An eDiscovery Retrospective


From the earliest days of the binder clip to the machine learning models we use in AI today,  litigation support has been continuously evolving. Legends abound, but hearing true tales from one  who lived through the early days of paper collection, manual Bates stamping, and so-called “high speed” scanners is an experience that truly informs perspective.

We sat down with eDiscovery veteran Ray Beken for a glimpse of the early days in litigation support, the shift into eDiscovery, and what it means to put your money where your mouth is when it comes to providing service remotely.

The interview has been edited for length and clarity.


Ray, you’ve been in this industry for a long time. How do you think things have changed?

Well, I know I’m not the first person to point out that eDiscovery services have become commoditized. When you have something that starts with technology, as it becomes easier and more accessible, it gets cheaper. That has forced us to find ways of setting ourselves apart. We’re all very good at doing the commoditized portion of e-discovery, so we’ve had to focus on the differentiators to market ourselves and highlight our unique capabilities. And very often, that means showing clients that we can help them handle the unusual – whether that’s an unusual data type or an extremely short deadline.

It sounds as though experience is key – otherwise, you won’t have the perspective you need to devise an appropriate solution for those one-of scenarios.

That’s so true – and as an illustration, I’ll give a little bit of background on John Myers, our CEO and founder. We did a pretty cool collection and analysis project for a trucking company that was getting sued by a group of their 1099 employees. Even though they were 1099 contractors, they claimed they were being overworked and underpaid. You know, that type of thing.

Now, this company had a legacy accounting system that had been tweaked and modified and customized over the years, such that even the IT folks who were running it could hardly understand how to get any data out of it. But John was able to have a couple of meetings with them, and after talking with them and requesting access to the systems, he was able to figure out how to pull the information their legal department and outside counsel needed out of that old hodgepodge database. He’s just really good at solving unusual problems like that because he has experience with almost all of the legacy systems and formats, and he’s kept up with the new stuff as well.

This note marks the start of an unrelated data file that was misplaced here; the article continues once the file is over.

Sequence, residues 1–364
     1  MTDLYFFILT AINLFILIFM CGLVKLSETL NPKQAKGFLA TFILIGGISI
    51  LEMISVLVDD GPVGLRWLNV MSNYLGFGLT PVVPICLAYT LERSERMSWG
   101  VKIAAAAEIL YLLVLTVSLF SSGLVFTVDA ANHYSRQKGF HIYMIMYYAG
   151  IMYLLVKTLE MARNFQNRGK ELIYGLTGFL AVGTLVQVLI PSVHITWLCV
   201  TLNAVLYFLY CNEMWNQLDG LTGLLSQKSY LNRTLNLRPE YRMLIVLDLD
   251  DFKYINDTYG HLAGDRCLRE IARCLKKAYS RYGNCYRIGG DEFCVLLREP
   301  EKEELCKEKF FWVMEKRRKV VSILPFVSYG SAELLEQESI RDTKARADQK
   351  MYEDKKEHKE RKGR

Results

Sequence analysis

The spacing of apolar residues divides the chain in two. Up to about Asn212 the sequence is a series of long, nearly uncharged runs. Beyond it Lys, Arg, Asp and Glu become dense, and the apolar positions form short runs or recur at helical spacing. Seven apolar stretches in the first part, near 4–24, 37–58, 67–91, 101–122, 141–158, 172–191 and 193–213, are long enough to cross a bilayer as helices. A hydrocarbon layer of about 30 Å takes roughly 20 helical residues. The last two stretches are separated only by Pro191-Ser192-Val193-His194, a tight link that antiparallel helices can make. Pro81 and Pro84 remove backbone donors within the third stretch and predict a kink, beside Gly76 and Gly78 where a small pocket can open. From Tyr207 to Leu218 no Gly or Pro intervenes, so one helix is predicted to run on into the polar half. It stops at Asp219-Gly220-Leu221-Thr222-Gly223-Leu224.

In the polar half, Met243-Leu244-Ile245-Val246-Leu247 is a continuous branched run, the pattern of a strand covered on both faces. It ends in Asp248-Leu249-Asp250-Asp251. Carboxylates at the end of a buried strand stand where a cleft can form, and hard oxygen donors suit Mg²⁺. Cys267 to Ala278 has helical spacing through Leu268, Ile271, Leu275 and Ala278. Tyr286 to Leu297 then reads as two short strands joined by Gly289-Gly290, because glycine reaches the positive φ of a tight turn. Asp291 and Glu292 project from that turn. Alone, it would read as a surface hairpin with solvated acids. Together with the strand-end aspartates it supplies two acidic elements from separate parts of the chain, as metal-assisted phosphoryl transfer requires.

What’s your personal best eDiscovery story?

Well, in forensic data collection and eDiscovery, everybody has a story, right? Everybody in our industry has their favorite anecdote. Mine involves the Jimmy Hendrix estate. We had a situation where family members began to disagree. You know, when you’re dealing with an estate, emotions can sometimes run high, and sometimes people try to take advantage. And as it turned out, some people were making money off of Jimmy Hendricks’ name, illegally. They’d deleted stuff off of their cell phones and were claiming that they hadn’t received certain text messages, hadn’t had certain conversations. But we were able to go in and prove that they had deleted key evidence. 

We knew exactly what software they’d used to wipe the phones, and then using some deeper dive technology, we were able to prove that they were deleting texts, which really helped our side of the case. And separate from the interesting stuff we were able to do with the technology, it’s always kind of cool when you get to work on a high-profile case like that.

Now that so many people are working remotely, we’re having to change the way we do things. What are the critical factors, in your opinion?

You know, it took about a minute and a half for everybody to come out with their spiel about working remotely and handling cases remotely and so on. And I’ll tell you what: it’s one thing to say you can do all that, but it’s another thing entirely to be able to prove that you’ve done it.

Not long ago, we were working with a large oil and gas company that needed data collection in 92 cities across the globe. Cell phones, laptops, desktops, all kinds of information, all kinds of servers all across the world. And we were able to collect the data while remaining compliant with the regulations of all those different countries. Over three terabytes of data ended up being collected and culled down, and we did it all within the timeline that they were asking for, without deploying anyone. No charges for flights or hotels, no hiring auxiliary staff on site, none of that. We saved them at least 80% of what they might have spent, because we were able to collect the data remotely. So one of the things we pride ourselves on is our ability to put our money where our mouth is, so to speak. To tackle any situation simply by bringing our experts together and saying, Alright then, let’s figure this out.

What has kept you interested and engaged in the industry for so long?

It’s interesting. The business has changed and morphed a lot. It used to be a very physical job – back in the day, we were hauling bankers’ boxes of paper all over, making copies and pushing a dolly around and so on. But as technology started taking over and eDiscovery came to the fore, I was able to take my understanding of how litigation works and blend that with technology. Now the computers do the heavy lifting, as opposed to me lifting boxes and pushing a dolly around the city in 90 degree heat with a suit on. And I’ll tell you what, that’s a major improvement in my book.

No doubt, Ray – no doubt. Thanks for the insights! This was great.

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